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I always thought that having a career in toilet paper would be brilliant. 🧻

I have a distinct little kid memory of this. “DAD!” I exclaimed at the breakfast table “everyone will always need toilet paper, I’ll be busy forever!” he peered over the newspaper and replied “sure thing kiddo” and went back to reading.

I’d like to think I was a visionary kid because hey, I used toilet paper and scotch tape for my Barbie gowns. “See dad? Toilet paper can do anything!”. My dad was just happy he didn’t have to appease my taste for expensive doll clothes and got used to me yelling random job ideas at the kitchen table.

Not much has changed. I still think TP is a great gig despite losing some market share to the bidet market during the great TP shortage of 2020, and I still occasionally shout job ideas out. I have a bit of a different perspective this time around because, as it turns out, you can’t sell Barbie clothes made of TP.

How the economy & an impending recession factors in

So what gigs are in fact recession proof? If it’s not the gig I’m in now, how can I protect myself, my family and my future from the wild and unpredictable nature of humans and an economy I have very little control over? 

Great question and I would love to tell you. I dove into this topic so you don’t have to. I’m not an economist, and I’ve failed math class more times than I care to mention, but I’ve got common sense, experience, and some smarts that I can contribute, so let’s have a poke around shall we?

To start, a recession is a “business cycle contraction when there is a general decline in economic activity” this can be measured in a few ways, and to make it even more interesting, individual countries define and measure this differently. 

But the bottom line is that it’s measured by GDP, a complex thing, but I’m going to TL;DR it by saying that a recession is a consistent period of time where spending softens. My economics prof might be making a sour face right now, but I’m going with it. I’m not here to delve into economic theory—let’s talk about toilet paper.

The underlying message across all the articles that warn a recession is coming, that it’s already here, or that it’s not coming at all, is that this is a stressful scenario. With it comes an exercise in evaluating changes and to navigate this, we need to be nimble and ready to roll with it. 

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What can we do about it?

Given that we can’t all work in toilet paper together, and that our careers are wrapped in diverse roles, projects, and businesses, how can we prepare for this change that might be heading our way? It's possible to continue your career growth, and not end up a statistic during a recession. Let's dive in.

How To Recession Proof Your Career: Top 4 Things to Do

  • Embrace the unknown 
  • Play to your strengths 
  • Shore up your skills
  • Build an authentic and wider network 


A few weeks ago I was chatting about change and I said "don't panic, we are merely between contexts," and this rings true. The sky is not falling—you're smart, don't spin in circles! Lean into the unknown, embrace the suck and pivot yourself to be of service to your company. Have faith in what you can offer your organization, bring an attitude of positivity and initiative, and turn towards ideas and innovation. 


Follow the revenue thread. How is your role impacting revenue or supporting key organizational components? How might you look to pivot, change, or add to your role to support the strategy and reinforce financial opportunities for your organization?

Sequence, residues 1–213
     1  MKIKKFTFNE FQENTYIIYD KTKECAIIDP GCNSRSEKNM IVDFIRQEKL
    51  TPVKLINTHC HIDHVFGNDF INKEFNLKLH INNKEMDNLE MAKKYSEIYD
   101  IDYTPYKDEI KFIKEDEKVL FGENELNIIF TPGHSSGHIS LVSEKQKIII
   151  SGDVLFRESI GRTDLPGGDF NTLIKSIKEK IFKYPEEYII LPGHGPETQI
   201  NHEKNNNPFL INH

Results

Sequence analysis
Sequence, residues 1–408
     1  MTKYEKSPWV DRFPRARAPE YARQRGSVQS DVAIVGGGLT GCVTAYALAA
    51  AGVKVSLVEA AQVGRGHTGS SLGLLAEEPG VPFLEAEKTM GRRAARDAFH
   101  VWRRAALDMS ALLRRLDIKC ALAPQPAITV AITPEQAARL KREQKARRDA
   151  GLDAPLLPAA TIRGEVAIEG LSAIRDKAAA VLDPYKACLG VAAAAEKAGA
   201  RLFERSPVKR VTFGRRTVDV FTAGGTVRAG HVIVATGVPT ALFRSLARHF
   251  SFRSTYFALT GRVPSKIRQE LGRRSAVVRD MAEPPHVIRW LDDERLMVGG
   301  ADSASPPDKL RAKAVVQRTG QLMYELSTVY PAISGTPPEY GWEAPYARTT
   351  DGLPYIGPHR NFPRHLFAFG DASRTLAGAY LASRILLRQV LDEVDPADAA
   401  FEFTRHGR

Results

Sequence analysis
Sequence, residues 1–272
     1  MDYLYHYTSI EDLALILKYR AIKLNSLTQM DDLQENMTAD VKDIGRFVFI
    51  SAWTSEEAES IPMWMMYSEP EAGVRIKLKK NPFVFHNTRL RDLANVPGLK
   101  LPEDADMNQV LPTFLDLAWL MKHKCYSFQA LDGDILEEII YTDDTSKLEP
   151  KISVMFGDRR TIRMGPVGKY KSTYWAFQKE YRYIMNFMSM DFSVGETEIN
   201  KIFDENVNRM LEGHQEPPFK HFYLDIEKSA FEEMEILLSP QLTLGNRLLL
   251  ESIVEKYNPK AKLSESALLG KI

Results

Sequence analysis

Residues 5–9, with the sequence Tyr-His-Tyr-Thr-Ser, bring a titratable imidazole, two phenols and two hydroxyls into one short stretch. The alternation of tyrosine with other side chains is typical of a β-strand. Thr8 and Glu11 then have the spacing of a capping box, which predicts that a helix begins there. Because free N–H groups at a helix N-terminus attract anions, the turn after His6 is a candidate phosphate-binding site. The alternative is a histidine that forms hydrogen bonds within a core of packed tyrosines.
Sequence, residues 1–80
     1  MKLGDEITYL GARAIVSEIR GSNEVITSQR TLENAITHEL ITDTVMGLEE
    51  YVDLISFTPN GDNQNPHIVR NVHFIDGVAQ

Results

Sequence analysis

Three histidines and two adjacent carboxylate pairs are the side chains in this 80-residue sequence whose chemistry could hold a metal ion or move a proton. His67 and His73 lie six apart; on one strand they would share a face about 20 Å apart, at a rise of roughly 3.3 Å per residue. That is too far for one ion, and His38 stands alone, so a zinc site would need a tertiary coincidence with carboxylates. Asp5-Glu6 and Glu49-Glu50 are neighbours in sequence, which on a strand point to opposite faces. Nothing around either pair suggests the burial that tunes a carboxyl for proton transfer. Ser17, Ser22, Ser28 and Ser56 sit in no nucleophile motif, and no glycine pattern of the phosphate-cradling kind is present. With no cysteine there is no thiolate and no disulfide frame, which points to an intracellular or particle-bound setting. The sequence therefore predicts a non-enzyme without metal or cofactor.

This can look like finding opportunities to leverage your skills as a shared service, offering up support across the company, or just keeping your hand up and taking on what needs to be done. Double down on what you’re great at, play to your strengths, and stay focused. 


Shore up those transferable skills! What might benefit you and your workplace? What gaps do you have that you can close up that will be of value? Is there new technology that your firm would benefit from? 

Your qualifications and experience likely have the ability to grow in other areas of your organization. Spend some time thinking strategically about what other areas of focus might look like for you, and what you need to do or what skills you need to make an impact.


If you keep your connections close and authentic, this will lead to better long term relationships in any state of the economy, but in an economic downturn it’s key that folks know what you are capable of, and what your strengths are. 

Ensure you are keeping your LinkedIn updated, sharing out completed project wins, and reaching out to new folks you’ve met with a personal note. Join connected groups and adjacent groups (think product groups if you are project focused, design groups if you are marketing focused).

What’s Next

So you’ve got your marching orders and you have what you need to pull a plan together.

While no recession has been formally called (and we are dancing around it like a terribly awkward TikTok dance) it's coming, but what shape it will be is still unknown. I'll still place my bets on you—and toilet paper—any day. I rounded up some homework for you in the meantime, so dive in and keep your head up. We got this. 

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Courtney Johnston
By Courtney Johnston

Courtney Johnston is a seasoned agency and consultancy PM who has worked on nearly every type of digital project under the sun. Her clients have included global insurance companies, large financial services organizations, and top retail brands. She takes pride in being a connector, an empathizer, a cheerleader, and a storyteller.